36. 36. 18 Applying Theory to Educational Research I am keen to understand their experiences of the processes underpinning their non-formal learning. The clinical learning environment is a rich one – no patient or situation is entirely identical, and knowledge, therapies and interventions continue to develop. The importance of the clinical setting as a learning environment is acknowledged by Cope, Cuthbertson and Stoddart (2000), for example, who investigated the learning that occurs when undergraduate nurses undertake practice placements, while the work of Eraut (2004) has focused on gaining professional expertise in early career experiences. Both have focused on nurses as a discrete group, whereas I am including all members of the multi-professional clinical team. The clinicians in my study rarely work in isolation. Teamwork is identified as increasingly important to patient outcomes, the reduction of critical incidents and improved patient safety (Hamman, 2004; Musson and Helmreich, 2004). Teamwork is of particular importance in this critical care setting, as members of the team work closely together, with professional boundaries becoming increasingly blurred. So I feel it is important to recognize that this working environment also gives opportunities for learning alongside each other, and from each other. There is a plethora of knowledge, skills and behaviours required in order to become a professional. As part of the planning stages of this research study I investigated the varied forms of knowledge that clinicians would need in order to undertake their professional roles. My justification for this is that the different types of knowledge can be gained in different ways, and may be explained by any number of theories of learning. In the complexity of reality, this isn’t easy, as forms of knowledge can overlap, and be used in varying degrees and combinations. There is a need to consider and understand this acquisition of knowledge and skills, and also behaviour modifications, in the light of appropriate learning theories. The potential relevance of learning theories to learning opportunities, has aided the investigation design into discovering how this manifests itself in the working lives of individual practitioners. Theories Explained and their Use Justified in the Context of this Research Project If, as I have argued earlier, the learning undertaken by clinicians in practice can take many forms, and is affected by the working environment and clinical activity, then I need a way of including and framing this activityAdams_c01.indd 18 7/22/2011 5:58:24 PM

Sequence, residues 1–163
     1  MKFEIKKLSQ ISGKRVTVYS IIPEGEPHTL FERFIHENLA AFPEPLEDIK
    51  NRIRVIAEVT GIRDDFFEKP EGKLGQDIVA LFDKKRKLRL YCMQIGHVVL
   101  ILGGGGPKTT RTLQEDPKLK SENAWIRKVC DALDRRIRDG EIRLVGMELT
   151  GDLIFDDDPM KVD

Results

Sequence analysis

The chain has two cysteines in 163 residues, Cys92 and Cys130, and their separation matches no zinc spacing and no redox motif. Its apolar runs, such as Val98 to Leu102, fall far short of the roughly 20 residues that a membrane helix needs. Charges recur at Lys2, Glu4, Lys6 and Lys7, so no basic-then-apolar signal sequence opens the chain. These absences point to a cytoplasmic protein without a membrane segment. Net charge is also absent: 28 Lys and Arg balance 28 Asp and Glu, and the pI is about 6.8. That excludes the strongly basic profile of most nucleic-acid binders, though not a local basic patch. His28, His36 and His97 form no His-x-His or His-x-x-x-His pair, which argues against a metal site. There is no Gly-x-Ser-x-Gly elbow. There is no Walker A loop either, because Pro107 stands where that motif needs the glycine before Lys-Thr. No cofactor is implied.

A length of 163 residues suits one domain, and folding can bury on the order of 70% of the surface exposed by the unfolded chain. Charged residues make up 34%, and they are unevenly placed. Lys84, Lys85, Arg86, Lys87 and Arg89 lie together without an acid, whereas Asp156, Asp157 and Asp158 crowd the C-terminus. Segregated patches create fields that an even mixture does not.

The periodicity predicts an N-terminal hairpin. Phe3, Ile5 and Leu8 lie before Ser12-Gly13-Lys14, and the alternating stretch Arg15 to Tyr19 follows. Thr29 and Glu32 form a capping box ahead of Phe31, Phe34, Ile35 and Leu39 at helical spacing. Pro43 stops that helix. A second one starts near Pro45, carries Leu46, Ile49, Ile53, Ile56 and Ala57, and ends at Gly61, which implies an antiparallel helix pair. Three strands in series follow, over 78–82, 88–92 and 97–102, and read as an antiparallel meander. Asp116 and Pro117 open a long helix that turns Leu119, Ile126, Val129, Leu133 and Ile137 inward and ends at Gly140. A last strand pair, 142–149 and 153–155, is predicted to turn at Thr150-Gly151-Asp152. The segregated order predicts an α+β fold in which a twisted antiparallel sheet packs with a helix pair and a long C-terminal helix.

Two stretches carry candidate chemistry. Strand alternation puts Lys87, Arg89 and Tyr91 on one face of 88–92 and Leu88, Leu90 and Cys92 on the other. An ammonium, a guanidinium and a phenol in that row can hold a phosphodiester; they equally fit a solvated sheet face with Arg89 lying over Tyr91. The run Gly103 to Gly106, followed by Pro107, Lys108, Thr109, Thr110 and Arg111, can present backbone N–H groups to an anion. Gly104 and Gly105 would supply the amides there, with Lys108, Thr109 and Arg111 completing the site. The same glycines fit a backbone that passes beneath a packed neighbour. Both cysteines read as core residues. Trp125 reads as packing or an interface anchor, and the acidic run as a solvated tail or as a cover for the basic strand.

37. 37. Learning and Maintaining Professional Expertise 19 such that others can follow my rationale, which is of particular importance in a (qualitative) case study. This has led me to the work of Engeström (2010) and Activity Theory, as a way of achieving this aim. There is an additional challenge in that having identified a number of key learning theories I felt they would also benefit from a framework, showing their inter-relationships. In the account of Hean, Craddock and O’Halloran (2009), who identified theories underpinning inter-professional learning, I found that my adaptation of their framework has also enabled me to clarify and organize my thoughts, and signpost this for readers. The relevance of these theories and frameworks will become apparent as I expand on the detail of the activity and learning that takes place within a clinical environment. Clinicians of all levels, from novice to expert, will come to the workplace setting with at least some background knowledge of fact, and varying levels of experience. If they have been introduced to the concept of the role of reflection in learning, and how it can be used to build or construct their experiences into a cogent whole (or have taken up this intuitively), then they will use this experience to develop professional expertise (experiential learning theory: Kolb and Fry, 1975). The influence of their colleagues can guide and support this learning implicitly, just by working together. However, if colleagues have a designated facilitator role, or it is one that they assume, then this support may be more explicit (social constructivism: Vygotsky, 1978; cognitive apprenticeship: Collins, Brown and Holum, 1991). The very nature of the clinical envi- ronment in the critical care setting, where practitioners work closely among and alongside each other, lends itself to the observation and scrutiny of each others’ practice in a way in which other professionals (e.g., school teachers) may not experience as a matter of routine. This gives rise to the importance of situated learning in this setting (Lave and Wenger, 1991), and the opportunities to learn from such exposure. The work undertaken by Engeström (2010) considers that change, development and thus learning can take place in the midst of complex activities and inter-relationships. I have used his Activity Theory to take into account the interconnectivity of: ● The rules and norms of the workplace (working practices of the PICU) ● The subjects (individual clinicians) ● The community (the professional groups) ● The division of labour (multi-professional working practices)Adams_c01.indd 19 7/22/2011 5:58:24 PM